He admits to often tossing patient confidentiality concerns aside by asking other patients who were feeling well to translate critical information to their peers, who either didn’t need to be in the hospital any longer because they tested negative, or needed to be immediately transferred to another ward if they were infected.
At Kenema, the health care workers did not use the full-coverage hazmat suits that Medecins Sans Frontieres uses in its clinics. Instead, they wore Tyvek suits that covered their front and back, a mask, face shield, double gloves and a head covering. That left some skin in the front and back of the neck exposed. The reason was partly for practical reasons—Schieffelin was often the only health care worker on his part of the ward where patients were triaged, and frequently had to spend four to four and a half hours at a time suited up. The full coverage suits become uncomfortable and unbearable after about 45 minutes.
“But I was personally okay with our equipment,” he says. “Because my biggest concern was getting a needle stick. My mucous membranes—my eyes, nose and mouth—were pretty well covered.”
After about four hours, he and whoever else was working on the wards with the infected patients would get sprayed with a bleach solution from the shoulders down, in order to avoid splashing any potentially contaminated material onto their face and neck. Then they would take each piece of equipment off and wash their hands in bleach after each step. After a break of an hour or so, they would suit up again.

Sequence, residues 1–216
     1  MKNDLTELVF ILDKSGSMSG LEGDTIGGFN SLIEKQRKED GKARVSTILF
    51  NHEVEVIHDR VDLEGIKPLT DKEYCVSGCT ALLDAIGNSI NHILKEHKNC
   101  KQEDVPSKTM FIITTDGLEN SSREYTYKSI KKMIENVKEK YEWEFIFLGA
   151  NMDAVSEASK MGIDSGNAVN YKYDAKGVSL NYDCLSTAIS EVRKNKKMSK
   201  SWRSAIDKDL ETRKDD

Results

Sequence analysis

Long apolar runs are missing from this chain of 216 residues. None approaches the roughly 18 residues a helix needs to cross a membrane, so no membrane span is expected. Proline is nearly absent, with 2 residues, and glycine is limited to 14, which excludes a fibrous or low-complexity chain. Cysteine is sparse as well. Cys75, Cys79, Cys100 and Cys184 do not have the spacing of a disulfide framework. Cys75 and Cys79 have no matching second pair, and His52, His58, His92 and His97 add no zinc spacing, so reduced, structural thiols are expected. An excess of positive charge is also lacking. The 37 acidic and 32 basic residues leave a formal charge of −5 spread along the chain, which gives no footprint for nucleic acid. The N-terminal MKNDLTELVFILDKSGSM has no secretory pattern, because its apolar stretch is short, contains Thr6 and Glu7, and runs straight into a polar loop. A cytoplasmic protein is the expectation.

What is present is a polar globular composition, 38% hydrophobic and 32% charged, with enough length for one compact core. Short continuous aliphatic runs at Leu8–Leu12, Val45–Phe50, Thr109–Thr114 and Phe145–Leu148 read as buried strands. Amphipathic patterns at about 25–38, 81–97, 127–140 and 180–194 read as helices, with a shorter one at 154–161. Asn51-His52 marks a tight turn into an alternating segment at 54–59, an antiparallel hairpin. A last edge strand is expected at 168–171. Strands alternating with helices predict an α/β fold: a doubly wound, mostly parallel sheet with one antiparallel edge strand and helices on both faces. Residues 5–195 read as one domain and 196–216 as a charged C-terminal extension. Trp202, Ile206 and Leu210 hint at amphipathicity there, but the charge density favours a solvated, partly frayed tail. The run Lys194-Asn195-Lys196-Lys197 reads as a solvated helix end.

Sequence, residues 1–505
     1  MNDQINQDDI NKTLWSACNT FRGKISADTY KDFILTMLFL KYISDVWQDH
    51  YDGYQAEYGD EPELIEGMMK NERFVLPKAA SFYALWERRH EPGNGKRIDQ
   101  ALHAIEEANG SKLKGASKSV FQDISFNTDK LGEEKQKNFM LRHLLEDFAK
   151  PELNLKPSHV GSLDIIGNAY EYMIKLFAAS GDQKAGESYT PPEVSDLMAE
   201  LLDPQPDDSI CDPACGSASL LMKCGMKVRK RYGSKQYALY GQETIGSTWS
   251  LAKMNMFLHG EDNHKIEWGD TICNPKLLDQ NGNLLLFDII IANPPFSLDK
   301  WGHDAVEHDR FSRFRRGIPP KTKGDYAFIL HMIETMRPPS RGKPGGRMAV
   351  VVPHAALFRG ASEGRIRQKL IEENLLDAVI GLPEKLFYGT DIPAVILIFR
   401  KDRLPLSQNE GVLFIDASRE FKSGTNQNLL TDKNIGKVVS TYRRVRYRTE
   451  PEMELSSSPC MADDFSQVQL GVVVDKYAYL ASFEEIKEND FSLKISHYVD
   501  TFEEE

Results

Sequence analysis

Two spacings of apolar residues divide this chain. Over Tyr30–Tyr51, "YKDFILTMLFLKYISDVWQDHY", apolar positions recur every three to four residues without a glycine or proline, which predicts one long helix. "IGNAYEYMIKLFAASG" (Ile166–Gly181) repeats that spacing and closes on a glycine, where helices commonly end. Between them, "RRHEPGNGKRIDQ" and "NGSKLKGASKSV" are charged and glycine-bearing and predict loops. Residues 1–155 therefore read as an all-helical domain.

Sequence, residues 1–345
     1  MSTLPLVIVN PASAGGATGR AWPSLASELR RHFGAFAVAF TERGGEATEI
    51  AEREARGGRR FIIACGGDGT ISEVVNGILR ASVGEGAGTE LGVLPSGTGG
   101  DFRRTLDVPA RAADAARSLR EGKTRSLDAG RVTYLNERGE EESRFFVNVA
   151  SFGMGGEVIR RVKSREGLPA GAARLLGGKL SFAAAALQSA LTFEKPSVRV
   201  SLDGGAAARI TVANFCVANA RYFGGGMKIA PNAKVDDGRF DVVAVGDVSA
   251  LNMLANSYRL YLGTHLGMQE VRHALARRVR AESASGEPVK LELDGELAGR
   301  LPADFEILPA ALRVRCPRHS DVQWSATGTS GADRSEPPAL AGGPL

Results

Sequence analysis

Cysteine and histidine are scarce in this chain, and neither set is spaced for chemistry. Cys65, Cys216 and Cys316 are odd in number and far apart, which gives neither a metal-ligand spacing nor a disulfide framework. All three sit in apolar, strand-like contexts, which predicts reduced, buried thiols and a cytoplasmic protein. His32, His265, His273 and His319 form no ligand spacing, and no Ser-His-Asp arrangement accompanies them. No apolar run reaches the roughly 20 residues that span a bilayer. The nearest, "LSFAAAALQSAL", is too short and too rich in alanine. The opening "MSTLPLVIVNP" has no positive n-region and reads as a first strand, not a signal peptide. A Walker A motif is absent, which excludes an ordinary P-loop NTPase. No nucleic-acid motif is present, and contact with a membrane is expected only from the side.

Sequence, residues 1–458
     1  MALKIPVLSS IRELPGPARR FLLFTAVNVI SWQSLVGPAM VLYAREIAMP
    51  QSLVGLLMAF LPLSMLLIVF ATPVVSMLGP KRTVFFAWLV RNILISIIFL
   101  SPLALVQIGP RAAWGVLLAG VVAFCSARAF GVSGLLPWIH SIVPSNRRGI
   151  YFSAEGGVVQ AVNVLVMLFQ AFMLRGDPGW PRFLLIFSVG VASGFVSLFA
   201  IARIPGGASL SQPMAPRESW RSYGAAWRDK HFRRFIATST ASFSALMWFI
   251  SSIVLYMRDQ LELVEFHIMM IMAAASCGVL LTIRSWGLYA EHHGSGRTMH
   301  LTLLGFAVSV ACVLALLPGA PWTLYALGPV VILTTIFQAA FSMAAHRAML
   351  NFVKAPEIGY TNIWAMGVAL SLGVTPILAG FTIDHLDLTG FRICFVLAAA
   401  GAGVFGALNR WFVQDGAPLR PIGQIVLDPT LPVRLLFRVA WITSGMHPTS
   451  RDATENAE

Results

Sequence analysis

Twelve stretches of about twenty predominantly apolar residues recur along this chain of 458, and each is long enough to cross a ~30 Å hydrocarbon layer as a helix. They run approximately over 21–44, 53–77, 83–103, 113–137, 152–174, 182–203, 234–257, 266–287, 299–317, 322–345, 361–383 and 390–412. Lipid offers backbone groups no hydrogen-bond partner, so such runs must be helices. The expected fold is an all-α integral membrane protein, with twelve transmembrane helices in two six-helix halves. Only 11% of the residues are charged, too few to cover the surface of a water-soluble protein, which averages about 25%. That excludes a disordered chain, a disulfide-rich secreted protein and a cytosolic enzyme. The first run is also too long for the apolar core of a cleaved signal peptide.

When Schieffelin returned from his work in Sierra Leone in August, he was told by the World Health Organization, U.S. Centers for Disease Control and the Louisiana state health department (he lives in the state) to monitor his temperature twice a day for 21 days, which he did. He was also told not to use mass transportation. He worked at home for a couple days, only because he was exhausted after his trip, and when he returned to work he didn’t see patients for a few weeks—mostly out of a scheduling coincidence, not intentionally.
Given public concerns about Ebola potentially coming to the U.S. and spreading here, however, he says, “Perhaps we should say that in terms of physicians and nurses, maybe direct patient care for a couple of weeks would not be in anyone’s best interest.”
But while he recognizes that hospital organizations and the general pubic have legitimate concerns about being protected against an agent as deadly as Ebola, Schieffelin is against mandatory self-isolation or quarantine, measures the states of New York and New Jersey recently decided to require for all health care workers returning from the three countries affected by Ebola. “I think self-isolation is completely unnecessary if you are not symptomatic. In my mind, that enhances hysteria. I have young children. If their dad were in self isolation away from everybody for three weeks, that would adversely affect them and would be telling the community and the schools the wrong message: that I need to be a pariah and an outcast for three weeks,” he says. “In my mind, that’s not the right message. If I have no symptoms, I am not a threat to anybody—I’m not a threat to my children, nor are my children a threat to other children at their school.” Such mandatory quarantines could also deter health workers from contributing to the effort to control the epidemic, and that will only prolong it, he says.
Schieffelin says that if he had recorded a fever at any point during this 21 day monitoring period, he would have immediately reported to the Louisiana health department and gone into isolation. He knows how deadly Ebola can be from personal and professional experience: seven of Schieffelin’s co-authors on the paper have died of Ebola infection since the data were collected over the summer.